Civic Developments, Windmill Development Group and the Co-Operative Housing Federation of Toronto (CHFT) will transform a 2.88-acre City of Toronto-owned former parking lot at 2444 Eglinton Ave. E. into the largest co-operative housing project in Ontario in the past 25 years.
It includes three towers and over 900 co-op, affordable and condo units.
CreateTO, the city’s real estate agency that manages its $27-billion real estate portfolio, selected Civic, Windmill and CHFT as the development partners through a market offering process in 2021.
“CreateTO in particular has been instrumental in getting the deal as far as it is today and has used every tool at its disposal to make sure that we've been able to do that as efficiently as possible,” Civic managing partner Matthew Cohen told RENX.
“The early signs we're getting through the planning process is that the city is likewise motivated to see this project get built as soon as it possibly can.”
Civic and CHFT were the original partners and Windmill was brought on as a partner within a year.
The closed-ended, mixed-use opportunistic real estate development impact fund was designed to accelerate the implementation of impact-investing principles in real estate while generating market returns.
“CreateTO liked what we had to propose,” said Cohen.
“It was an innovative approach that they had not seen a lot of, and I think everyone's really keen on trying to reinvigorate co-op as a housing model.”
Two co-ops and one condo building
The development will comprise two co-op buildings of 43 and 20 storeys and a 34-storey market condominium building.
“We very much think of it as one community comprised of various housing types,” said Cohen.
The Scarborough development — located close to the Toronto Transit Commission’s Kennedy subway station, the Kennedy GO Transit station and the future Eglinton Crosstown light rail transit line — will feature approximately 918 units in the three buildings.
The buildings will consist of approximately 10 per cent three-bedroom, 15 per cent two-bedroom, more than 65 per cent one-bedroom and a relatively small number of studio units.
Sizable affordable housing component
Two-thirds of them will be comprised of rent-geared-to-income (RGI), affordable and market rental co-op housing operated by CHFT.
The co-op component will provide long-term rental housing that will be owned and operated by residents on a non-profit basis.
Rents for the RGI and affordable co-op units will be set between 40 and 100 per cent of average market rent as reported annually by the Canada Mortgage and Housing Corporation (CMHC), making them affordable to people across varying income levels.
At least 33 per cent of the affordable units and 15 per cent of the market rental units will be accessible.
“The formula was baked into the RFP (request for proposal), with the number of homes and the proportion of affordable versus market rental versus condo,” Cohen noted.
“But, because 600-plus units are to be co-op, we argue that the market rental will actually be affordable by CMHC standards within the first three to five years.”
Development’s other components
A community centre and retail space will be included at grade in the 2444 Eglinton East project.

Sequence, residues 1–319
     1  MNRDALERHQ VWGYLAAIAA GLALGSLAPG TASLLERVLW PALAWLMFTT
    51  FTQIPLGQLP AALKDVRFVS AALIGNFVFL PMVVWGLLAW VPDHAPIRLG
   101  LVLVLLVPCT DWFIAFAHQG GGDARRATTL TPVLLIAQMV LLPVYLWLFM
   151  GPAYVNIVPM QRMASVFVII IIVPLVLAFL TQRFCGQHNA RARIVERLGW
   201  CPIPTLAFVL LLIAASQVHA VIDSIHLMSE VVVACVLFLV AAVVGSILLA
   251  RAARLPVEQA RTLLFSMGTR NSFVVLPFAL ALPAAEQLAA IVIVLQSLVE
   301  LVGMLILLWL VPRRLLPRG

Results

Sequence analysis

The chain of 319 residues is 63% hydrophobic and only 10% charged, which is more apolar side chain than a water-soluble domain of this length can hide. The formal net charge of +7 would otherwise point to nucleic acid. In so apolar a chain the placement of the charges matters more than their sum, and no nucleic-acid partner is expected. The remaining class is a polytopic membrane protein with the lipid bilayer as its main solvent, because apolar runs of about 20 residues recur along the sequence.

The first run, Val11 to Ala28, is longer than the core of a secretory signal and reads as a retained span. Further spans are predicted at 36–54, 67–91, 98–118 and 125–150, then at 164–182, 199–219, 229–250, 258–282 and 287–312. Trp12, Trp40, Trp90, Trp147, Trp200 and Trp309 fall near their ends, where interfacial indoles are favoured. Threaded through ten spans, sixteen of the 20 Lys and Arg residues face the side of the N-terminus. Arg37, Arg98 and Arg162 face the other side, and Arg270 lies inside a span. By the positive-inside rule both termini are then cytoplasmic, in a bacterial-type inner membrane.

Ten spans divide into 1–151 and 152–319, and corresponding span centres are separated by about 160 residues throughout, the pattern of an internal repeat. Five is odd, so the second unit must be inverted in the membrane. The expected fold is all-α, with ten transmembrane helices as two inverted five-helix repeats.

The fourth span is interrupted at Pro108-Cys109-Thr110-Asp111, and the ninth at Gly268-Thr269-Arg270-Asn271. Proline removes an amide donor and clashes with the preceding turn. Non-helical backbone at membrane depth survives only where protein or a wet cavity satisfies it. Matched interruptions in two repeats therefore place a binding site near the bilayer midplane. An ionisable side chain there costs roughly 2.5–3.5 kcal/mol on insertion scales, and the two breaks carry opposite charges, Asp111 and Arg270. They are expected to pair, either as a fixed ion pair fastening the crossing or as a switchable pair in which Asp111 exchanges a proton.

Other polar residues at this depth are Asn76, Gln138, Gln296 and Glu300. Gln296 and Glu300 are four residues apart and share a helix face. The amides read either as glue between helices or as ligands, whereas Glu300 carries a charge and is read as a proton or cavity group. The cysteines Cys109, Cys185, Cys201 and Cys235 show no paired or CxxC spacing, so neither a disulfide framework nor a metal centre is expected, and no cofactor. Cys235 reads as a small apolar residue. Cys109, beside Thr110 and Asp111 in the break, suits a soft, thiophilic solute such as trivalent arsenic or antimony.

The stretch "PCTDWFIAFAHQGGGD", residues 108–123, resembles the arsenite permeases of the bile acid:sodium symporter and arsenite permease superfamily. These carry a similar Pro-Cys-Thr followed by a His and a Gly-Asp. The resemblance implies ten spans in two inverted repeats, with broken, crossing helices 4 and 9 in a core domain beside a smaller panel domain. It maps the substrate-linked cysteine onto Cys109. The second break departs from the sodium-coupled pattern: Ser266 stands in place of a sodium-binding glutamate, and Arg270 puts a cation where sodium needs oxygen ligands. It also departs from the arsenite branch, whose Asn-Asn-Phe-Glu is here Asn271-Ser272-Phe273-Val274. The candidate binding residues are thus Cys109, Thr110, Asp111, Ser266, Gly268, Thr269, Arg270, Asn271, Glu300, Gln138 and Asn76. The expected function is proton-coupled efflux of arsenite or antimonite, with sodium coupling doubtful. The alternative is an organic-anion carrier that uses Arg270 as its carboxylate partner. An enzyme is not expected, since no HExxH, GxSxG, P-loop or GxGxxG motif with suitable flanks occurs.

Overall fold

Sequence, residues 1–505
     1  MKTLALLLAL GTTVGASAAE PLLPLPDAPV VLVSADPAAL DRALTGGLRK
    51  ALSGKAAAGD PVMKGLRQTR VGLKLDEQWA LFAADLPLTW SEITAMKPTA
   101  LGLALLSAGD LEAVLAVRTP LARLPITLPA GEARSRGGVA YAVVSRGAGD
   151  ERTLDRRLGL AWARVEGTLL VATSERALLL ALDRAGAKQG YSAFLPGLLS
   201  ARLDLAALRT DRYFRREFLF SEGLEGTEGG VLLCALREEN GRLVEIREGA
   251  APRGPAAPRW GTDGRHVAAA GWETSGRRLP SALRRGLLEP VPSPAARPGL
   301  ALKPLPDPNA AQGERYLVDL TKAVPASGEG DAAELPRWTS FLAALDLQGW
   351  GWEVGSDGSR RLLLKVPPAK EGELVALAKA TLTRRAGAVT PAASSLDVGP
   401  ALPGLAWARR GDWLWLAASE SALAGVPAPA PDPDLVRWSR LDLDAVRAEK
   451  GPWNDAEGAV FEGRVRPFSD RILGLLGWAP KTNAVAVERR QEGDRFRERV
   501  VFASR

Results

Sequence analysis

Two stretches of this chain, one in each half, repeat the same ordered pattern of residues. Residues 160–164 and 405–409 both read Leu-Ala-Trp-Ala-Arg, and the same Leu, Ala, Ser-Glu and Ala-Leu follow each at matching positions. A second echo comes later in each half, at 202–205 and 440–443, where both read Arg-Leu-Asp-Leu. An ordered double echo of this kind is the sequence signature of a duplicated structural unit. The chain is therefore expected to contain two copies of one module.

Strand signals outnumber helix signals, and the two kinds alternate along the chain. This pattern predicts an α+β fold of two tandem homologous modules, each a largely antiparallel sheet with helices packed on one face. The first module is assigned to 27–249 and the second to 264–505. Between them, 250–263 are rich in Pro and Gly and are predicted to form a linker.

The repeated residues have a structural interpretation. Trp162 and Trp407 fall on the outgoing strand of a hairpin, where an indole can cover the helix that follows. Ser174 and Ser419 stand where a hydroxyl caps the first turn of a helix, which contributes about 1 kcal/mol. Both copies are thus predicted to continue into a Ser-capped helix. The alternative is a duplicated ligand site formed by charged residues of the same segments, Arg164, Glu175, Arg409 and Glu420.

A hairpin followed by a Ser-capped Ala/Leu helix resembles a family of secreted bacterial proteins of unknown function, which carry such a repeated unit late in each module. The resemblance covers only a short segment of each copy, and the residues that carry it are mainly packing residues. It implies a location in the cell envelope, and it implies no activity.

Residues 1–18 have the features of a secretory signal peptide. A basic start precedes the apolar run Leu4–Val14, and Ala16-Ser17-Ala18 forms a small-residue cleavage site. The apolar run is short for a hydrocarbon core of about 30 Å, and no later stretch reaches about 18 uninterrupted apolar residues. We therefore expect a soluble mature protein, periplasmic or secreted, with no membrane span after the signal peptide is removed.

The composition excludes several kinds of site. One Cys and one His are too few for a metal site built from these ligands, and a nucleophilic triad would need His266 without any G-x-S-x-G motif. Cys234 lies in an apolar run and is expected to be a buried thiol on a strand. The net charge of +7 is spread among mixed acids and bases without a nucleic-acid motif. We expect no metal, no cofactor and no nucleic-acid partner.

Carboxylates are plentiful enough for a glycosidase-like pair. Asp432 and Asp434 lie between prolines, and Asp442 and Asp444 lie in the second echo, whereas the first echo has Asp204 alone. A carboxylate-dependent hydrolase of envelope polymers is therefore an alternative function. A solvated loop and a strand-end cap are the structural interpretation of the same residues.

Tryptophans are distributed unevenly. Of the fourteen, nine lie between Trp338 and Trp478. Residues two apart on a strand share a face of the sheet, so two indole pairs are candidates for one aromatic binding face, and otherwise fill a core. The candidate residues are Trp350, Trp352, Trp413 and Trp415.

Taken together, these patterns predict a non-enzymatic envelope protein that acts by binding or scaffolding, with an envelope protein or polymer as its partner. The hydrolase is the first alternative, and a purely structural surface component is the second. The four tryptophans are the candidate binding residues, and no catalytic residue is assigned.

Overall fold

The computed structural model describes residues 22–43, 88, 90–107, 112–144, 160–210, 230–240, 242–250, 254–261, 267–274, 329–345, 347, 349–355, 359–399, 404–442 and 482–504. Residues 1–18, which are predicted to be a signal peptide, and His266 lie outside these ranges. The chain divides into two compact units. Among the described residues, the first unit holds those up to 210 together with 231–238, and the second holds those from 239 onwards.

It will also expand current community gardens and create new pedestrian connections from public transit to the Meadoway hydro corridor that abuts the property.
Each building will rise from a podium that will include outdoor recreation, garden and lounge areas.
Though interior amenities haven’t yet been confirmed, Cohen said there would likely be a gym, co-working space and more that would be accessible to all residents.
Underground parking will also be part of the development.
“You don't typically think of that calibre of designers with affordable housing projects,” Cohen said. “We intend for this to be a model for what future housing solutions can look like.”
Like other Windmill developments, 2444 Eglinton East will be governed by One Planet Living, a framework of 10 guiding principles that address environmental, social and economic sustainability.
It will also exceed obligations to meet the Toronto Green Standard Version 4, Tier 2 with respect to sustainability and environmental performance.
Part of Toronto's Housing Now program
The development will be the first private sector-led site under the city’s Housing Now program, which was launched five years ago to stimulate the development of affordable rental housing within transit-oriented, mixed-income and mixed-use communities on city-owned land.
The partners are in the process of obtaining a zoning bylaw amendment and other planning approvals required to facilitate the development.
Construction is expected to start in early 2026 and Cohen said occupancy could begin two years later.
Ground will be broken on the taller co-op tower first, followed by the second co-op building and then the condo.
Condo sales may launch before construction starts on the co-op, but that hasn’t yet been decided.
“Ideally, the buildings will be built in quick succession,” Cohen said. “We’ll do everything within our power to facilitate that.”
In addition to the One Planet Living Real Estate Fund, Cohen said the CMHC is expected to finance the co-op component of the project, while bank financing will support the condo.